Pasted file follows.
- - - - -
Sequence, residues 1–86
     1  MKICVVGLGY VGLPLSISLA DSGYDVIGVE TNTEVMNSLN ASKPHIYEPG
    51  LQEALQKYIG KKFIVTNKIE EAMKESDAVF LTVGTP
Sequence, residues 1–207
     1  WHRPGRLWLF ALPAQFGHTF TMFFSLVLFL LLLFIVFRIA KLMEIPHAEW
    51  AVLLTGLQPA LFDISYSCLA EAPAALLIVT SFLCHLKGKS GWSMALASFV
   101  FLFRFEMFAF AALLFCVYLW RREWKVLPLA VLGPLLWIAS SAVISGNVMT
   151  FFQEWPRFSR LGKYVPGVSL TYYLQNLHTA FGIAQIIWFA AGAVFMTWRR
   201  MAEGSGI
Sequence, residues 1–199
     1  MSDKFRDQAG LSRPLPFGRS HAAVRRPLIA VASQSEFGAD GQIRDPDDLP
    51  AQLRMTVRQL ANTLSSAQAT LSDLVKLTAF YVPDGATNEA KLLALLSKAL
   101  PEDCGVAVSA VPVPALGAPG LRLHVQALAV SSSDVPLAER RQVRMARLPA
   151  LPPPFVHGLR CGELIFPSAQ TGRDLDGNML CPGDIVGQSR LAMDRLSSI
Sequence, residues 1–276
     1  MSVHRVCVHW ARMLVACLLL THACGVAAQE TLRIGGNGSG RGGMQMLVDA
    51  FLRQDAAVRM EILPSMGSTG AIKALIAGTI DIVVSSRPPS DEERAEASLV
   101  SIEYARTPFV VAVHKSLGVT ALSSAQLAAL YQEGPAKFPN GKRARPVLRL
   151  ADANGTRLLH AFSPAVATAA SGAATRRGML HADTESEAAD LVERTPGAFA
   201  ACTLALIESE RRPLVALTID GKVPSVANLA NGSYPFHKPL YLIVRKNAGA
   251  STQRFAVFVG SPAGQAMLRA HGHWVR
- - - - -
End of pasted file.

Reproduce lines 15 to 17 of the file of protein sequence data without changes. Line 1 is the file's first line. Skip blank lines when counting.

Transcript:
Sequence, residues 1–276
     1  MSVHRVCVHW ARMLVACLLL THACGVAAQE TLRIGGNGSG RGGMQMLVDA
    51  FLRQDAAVRM EILPSMGSTG AIKALIAGTI DIVVSSRPPS DEERAEASLV